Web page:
So this week I’m again in the capital to see what it has to offer…
The first thing to point out is that none of the lies about the pollution and population density/ overcrowding dreamt up by West didn’t appear to be true at all- as you may be able to see in the photos! It was really quite shocking as usually it lingers up near 200 or above on the AQI, as you may be able to remember from Breathing is overrated. In fact, we almost apologetically stumbled over the Forbidden City, such was our ease on approaching it. Of course, it is nothing like this in the high season, but we were treated to a relaxed stroll around, opposed to a bustled, dirty sweat-fest which is sometimes the case.
A theme of the trip was how easily we were let through bag checks and just generally how much easier access was for the foreigners. We were hurried through security checks as if they were personally offended us by having a cheeky peek at my sandwiches and flask before OKing me and many people were turned away from places where we simply strolled through. A good example of this is taking- by accident I hasten to add- the entrance door into the forbidden city which passes right under Mr Mao instead of one across to the side.
We went there tee hee hee.
Did anyone stop us? Nope. We decided to be slightly cheeky and test out our new superpower. We noticed that in Tiananmen Square, just before dusk, some Chinese people were turned away in front of our eyes as it was closing to the public, however we decided that an evening stroll was just what we wanted, so we did it anyway. Did anyone stop us? Nope. It seems that there is some sort of hangover from the Beijing Olympics, when China was so eager to impress that foreigners were given essentially a free pass. Not that we minded, of course, but it smacks of double standards, so best advice is to make it particularly obvious that you are not Chinese (we found and inability to speak Chinese and white skin useful clues) and you make yourself slightly untouchable.
In fact, we took it a final stage further into the realms of another ‘selfie’ session, and I think that I may have just stumbled on an excellent traveler game. I haven’t yet thought of a name but it may be something like ex-totalitarian-photo-shoot-game. Effectively you find a picture of an ex-dictator in a famous place and then ‘selfie’ yourself, publishing it under a snappy name. I went with Maoie, and this is what it looks like:
I’m sure Mao would have appreciated that no end. But the fun doesn’t stop there. If you, too, would like to have a go, send me the picture and I’ll not only publish it on the blog, but I’ll also mentally send you a sticker. Your choice of colour! Lovely.
After all these fun and games, we got on to the serious business of touristing around perhaps the (2nd) most iconic landmark in China- the Forbidden City.
At around 80RMB plus audio guide, it is a steal. Beside the stories of Emperors and concubines, spiritual solace and daring coups, the beautifully preserved/ restored architecture make it formidable experience for all. Learning tales such as when the palace was attacked during the Ming Dynasty, to the point where the gold on the gilded fire cauldrons was scratched off leave an effortlessly enchanting feel to the whole place.
Incidentally, these cauldrons were actually to help put out fires, being filled to the brim with water, which begs the question of how the nelly they managed to act quickly to douse the fire, being as they are so heavy. Sense reasons that they obvious stayed put, instead being used as sources, but this just seems elaborately inefficient to me.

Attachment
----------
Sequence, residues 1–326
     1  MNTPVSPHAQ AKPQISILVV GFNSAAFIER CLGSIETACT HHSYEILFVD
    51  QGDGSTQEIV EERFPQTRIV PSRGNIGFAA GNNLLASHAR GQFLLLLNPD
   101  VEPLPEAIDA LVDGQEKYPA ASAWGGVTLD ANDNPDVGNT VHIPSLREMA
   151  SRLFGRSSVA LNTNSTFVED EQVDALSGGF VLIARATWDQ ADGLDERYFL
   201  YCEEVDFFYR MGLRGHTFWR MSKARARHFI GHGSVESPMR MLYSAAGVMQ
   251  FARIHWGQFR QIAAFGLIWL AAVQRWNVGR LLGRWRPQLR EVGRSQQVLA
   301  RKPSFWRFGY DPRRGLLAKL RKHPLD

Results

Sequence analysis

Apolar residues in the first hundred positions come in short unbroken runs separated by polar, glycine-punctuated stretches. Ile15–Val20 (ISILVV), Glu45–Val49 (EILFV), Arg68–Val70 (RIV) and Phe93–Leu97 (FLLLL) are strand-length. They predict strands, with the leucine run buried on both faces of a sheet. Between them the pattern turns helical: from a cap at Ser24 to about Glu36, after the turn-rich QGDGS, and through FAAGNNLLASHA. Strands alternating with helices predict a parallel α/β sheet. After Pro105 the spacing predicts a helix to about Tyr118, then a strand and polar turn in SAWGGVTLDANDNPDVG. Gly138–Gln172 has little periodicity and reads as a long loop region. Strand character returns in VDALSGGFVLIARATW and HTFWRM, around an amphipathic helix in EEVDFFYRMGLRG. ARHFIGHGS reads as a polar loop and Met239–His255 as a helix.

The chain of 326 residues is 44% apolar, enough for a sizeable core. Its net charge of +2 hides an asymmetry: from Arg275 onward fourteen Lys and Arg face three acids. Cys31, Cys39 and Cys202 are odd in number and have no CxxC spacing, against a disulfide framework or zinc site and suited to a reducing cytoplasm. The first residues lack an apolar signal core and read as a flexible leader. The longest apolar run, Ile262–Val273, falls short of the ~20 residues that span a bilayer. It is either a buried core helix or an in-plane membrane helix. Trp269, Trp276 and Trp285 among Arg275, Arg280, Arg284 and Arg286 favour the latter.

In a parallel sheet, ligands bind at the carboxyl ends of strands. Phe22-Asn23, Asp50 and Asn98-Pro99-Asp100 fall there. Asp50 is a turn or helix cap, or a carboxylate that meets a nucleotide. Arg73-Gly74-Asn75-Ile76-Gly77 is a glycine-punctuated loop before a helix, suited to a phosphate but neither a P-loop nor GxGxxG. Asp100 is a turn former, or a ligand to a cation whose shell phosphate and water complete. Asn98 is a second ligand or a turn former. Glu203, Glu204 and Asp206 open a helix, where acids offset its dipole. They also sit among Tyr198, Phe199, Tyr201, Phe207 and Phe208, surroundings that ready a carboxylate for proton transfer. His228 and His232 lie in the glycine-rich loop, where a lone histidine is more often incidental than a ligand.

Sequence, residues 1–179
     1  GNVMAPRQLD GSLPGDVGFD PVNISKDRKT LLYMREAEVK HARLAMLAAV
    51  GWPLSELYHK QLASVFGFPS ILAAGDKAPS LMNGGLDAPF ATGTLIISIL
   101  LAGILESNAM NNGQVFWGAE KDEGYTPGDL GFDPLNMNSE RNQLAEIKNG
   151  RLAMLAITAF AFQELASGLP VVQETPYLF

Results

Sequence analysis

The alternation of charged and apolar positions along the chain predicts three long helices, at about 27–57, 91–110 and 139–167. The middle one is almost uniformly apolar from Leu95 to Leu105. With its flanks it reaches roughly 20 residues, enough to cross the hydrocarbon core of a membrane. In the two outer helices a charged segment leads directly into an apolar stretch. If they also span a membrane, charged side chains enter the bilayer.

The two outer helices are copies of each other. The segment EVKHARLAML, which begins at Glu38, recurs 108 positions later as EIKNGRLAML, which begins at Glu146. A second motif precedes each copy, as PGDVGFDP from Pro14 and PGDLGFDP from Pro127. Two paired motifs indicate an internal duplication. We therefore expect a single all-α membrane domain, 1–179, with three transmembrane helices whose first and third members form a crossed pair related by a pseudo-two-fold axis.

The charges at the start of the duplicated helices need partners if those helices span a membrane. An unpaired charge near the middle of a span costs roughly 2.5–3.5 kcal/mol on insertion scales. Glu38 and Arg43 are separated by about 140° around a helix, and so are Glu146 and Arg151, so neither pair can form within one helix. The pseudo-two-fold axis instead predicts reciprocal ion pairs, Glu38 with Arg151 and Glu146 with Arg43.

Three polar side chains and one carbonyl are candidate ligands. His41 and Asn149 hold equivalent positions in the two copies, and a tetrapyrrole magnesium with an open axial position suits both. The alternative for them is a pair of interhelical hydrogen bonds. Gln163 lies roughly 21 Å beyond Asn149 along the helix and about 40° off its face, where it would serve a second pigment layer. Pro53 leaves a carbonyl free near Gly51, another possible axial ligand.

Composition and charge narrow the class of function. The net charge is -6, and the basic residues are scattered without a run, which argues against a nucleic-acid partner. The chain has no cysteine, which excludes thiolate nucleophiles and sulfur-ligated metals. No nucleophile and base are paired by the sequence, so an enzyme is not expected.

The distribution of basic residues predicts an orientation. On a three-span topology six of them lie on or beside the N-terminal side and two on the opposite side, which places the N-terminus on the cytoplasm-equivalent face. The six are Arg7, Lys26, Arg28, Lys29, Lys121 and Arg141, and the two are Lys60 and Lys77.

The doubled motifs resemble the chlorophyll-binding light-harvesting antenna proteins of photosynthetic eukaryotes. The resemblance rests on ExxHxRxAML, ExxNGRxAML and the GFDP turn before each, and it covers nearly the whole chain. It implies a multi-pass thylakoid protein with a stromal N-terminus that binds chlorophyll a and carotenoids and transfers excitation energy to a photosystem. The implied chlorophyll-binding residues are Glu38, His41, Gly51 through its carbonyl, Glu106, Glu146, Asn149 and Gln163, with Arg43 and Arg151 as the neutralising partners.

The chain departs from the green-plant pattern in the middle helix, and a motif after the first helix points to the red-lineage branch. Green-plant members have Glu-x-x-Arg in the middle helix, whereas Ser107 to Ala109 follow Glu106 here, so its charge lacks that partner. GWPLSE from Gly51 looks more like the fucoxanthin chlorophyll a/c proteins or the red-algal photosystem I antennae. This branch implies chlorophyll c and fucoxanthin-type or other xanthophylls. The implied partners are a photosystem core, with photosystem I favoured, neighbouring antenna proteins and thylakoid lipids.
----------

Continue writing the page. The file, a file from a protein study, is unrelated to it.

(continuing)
Behind the palace is a view to bring out all o the cliches… I’ll go with breathtaking on this occasion, particularly as we were blessed with the weather being as clear and sunny as it was. In fact, I actually broke out a t-shirt on top of the hill. Stretching across the entire city and beyond, just sitting there was enough.
Another pleasant aspect to the park was tranquility, even though we were in the centre of one of the urban districts in the world. We saw birds signing, which is something that is somewhat rare in the concrete jungle of Changchun. Even the toilets were encouraging when you got things right!!
From tea houses to landmarks of global importance, there is barely a finer experience for than meandering through the Hutong districts just outside of the centre, watching life unfold. For the more adventurous, you could try to delve into some of the narrow alleys and communal areas in housing complexes to get a better look, but just as good is spending a few moments watching a feisty game of Mahjong or photographing a group of elderly ladies sip tea to keep warm whilst chattering the afternoon away.
The Yonghe ‘lama’ temple, may not offer the the biggest but reputably the best example of a Buddhist temple in China, with thousands of Buddhists streaming through the doors everyday. I was not able to get a picture of the 25m-high wood-carved Buddha in one of the main temples, but it was quite the sight. Also, it was carved from one solid piece, which is staggering and simply a triumph of craftsmanship. It was interesting to note that by far the vast majority of people there were young-ish and although each ages group was ably represented, I got the feeling that Buddhism is alive and kicking looking towards the future. Furthermore, there is no awkward feeling of stepping on someone’s toes…..
I think I have sufficiently bored you for a week! So join me next week for street markets and a very China-ish picture… Let’s see what happens! have a great week!